Network descriptors

At study sites at Glenbow Ranch Provincial Park, we observed a total of 42 plant species in flower belonging to 22 families (Additional file 1: Appendix S1). Undisturbed sites hosted 23 flowering plant species and disturbed sites hosted 19 flowering plant species. We validated the differences in landscape disturbance in the study site looking into the historical degradation of the sites. Disturbance regimes in Glenbow Provincial Park affected the taxonomic composition of pollinators as well (Additional file 2: Figure S1). However, despite differences in species identity, the phylogenetic composition was not significantly different for both plants and pollinators between the two sites (Adonis analysis: F1, 1.162; P = 0.3 and F1 1.7197; P = 0.2, for plants and pollinators respectively). Surprisingly, we did not find spatial autocorrelation between sites in plant and pollinator composition (Monte-Carlo Mantel test; observation: 0.561; P-value = 0.06; Mantel test; observation: − 0.212; P-value = 0.7).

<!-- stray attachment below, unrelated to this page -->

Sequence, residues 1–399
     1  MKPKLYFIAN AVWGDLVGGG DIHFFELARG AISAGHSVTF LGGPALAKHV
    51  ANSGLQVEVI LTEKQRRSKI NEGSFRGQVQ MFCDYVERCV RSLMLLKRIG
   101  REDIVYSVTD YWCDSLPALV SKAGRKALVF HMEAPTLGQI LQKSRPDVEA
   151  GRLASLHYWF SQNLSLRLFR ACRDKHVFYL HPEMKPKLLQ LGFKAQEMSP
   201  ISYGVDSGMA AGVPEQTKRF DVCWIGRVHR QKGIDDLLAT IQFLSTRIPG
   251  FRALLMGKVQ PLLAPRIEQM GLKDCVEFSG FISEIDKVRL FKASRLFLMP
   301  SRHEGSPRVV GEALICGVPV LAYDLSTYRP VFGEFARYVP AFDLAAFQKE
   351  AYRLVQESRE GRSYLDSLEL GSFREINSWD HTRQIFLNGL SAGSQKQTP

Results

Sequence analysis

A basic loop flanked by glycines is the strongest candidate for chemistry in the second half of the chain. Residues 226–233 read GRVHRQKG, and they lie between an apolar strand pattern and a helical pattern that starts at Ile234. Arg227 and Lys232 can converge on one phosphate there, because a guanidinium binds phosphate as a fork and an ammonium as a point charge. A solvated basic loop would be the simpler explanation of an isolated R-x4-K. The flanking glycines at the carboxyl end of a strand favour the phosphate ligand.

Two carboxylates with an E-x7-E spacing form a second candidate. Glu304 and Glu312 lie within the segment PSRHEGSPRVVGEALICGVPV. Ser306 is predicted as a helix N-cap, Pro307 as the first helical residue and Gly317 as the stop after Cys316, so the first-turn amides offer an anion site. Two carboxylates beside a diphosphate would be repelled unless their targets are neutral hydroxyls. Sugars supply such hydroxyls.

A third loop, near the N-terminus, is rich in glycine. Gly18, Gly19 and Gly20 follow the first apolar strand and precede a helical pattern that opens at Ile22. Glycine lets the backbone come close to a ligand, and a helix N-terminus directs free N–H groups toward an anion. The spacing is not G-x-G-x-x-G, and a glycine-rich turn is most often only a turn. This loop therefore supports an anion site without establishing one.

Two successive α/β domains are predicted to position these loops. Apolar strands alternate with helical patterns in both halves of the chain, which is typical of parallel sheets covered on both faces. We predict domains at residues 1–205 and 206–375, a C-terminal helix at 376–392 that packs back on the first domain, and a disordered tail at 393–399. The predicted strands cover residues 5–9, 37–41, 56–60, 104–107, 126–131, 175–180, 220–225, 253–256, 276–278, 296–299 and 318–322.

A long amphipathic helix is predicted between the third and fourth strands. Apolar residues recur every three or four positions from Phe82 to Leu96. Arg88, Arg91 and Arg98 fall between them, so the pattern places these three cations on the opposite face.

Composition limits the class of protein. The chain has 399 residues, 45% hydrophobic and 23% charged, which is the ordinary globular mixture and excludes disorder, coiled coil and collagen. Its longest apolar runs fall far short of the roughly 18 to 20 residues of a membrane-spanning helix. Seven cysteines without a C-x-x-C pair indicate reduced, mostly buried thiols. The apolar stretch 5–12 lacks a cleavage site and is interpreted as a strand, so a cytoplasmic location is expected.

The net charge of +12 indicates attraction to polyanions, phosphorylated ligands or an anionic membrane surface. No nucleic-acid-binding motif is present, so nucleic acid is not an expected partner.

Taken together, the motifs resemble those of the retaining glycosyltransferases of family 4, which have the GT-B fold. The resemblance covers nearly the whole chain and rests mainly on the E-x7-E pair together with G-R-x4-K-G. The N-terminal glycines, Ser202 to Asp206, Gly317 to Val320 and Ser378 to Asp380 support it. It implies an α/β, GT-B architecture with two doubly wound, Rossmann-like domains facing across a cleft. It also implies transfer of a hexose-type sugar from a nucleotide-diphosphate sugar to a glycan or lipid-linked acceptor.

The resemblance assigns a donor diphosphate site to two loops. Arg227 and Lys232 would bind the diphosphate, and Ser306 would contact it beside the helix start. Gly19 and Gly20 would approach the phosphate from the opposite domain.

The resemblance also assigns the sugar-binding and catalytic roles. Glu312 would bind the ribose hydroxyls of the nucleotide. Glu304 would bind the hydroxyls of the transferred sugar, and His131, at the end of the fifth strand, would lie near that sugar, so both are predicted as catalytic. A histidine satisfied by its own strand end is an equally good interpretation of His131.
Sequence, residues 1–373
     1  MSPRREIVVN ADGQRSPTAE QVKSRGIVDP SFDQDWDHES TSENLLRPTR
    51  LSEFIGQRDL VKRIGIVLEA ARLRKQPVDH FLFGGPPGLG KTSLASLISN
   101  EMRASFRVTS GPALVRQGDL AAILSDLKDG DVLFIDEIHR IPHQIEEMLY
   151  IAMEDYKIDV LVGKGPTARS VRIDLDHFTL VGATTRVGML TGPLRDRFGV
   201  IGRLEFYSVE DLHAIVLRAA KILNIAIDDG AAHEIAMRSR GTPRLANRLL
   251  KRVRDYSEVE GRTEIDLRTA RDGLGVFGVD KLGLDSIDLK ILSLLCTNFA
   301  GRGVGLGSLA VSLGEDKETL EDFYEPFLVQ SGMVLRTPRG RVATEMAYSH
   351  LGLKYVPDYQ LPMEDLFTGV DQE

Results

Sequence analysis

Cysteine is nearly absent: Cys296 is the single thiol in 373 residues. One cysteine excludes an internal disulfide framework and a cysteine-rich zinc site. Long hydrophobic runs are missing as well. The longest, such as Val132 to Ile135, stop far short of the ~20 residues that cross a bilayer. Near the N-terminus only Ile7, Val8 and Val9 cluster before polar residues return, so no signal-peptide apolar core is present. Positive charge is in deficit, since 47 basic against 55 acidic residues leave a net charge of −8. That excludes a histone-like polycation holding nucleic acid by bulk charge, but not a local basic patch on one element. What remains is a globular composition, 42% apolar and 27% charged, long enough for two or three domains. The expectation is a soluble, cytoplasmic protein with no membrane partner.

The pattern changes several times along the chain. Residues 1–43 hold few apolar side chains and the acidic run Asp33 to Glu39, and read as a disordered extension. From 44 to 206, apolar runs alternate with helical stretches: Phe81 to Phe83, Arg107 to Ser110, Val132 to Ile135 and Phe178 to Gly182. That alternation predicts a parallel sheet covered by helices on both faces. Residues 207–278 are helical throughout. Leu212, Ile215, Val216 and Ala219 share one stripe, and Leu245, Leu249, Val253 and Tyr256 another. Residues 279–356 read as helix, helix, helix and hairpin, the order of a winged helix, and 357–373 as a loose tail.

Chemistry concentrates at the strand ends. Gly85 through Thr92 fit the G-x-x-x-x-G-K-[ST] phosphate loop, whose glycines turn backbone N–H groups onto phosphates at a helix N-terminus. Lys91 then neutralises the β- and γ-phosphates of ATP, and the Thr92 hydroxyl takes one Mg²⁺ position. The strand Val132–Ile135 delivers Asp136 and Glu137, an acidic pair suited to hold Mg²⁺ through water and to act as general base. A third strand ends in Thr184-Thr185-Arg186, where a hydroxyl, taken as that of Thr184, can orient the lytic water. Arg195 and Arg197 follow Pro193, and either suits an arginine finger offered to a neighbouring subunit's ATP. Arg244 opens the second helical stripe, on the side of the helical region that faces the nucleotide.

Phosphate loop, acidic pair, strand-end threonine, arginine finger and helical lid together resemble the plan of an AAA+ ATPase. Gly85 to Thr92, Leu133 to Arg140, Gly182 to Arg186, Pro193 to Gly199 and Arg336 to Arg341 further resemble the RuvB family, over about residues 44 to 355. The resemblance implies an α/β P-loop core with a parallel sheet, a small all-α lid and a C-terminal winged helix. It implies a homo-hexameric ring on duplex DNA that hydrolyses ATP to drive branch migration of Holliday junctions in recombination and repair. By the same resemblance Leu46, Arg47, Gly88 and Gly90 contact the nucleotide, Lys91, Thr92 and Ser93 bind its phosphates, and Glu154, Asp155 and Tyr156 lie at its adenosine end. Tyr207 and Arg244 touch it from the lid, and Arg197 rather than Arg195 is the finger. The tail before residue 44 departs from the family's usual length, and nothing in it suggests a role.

In the undisturbed sites, we recorded 188 visits throughout the entire season between 70 pollinator species and 23 plant species, resulting in a total of 93 interacting species and a network size of 1610 possible links with an average total of 7.7 interactions per day (Fig. 1a). In general, 12 pollinators could be considered to have a high specialization index (d′ > 0.7, Table 1A), with the Lepidoptera Phyciodes cocyta and Celastrina ladon showing the greatest specialization level. Conversely, the least specialized pollinators were hoverflies Parasyrphus spp., Merodon and Paragus (Additional file 1: Appendix S1). The most specialized plant species were members of Fabaceae (Lathyrus ochroleucus, Vicia americana) and Asteraceae (Senecio canus; Table 1B).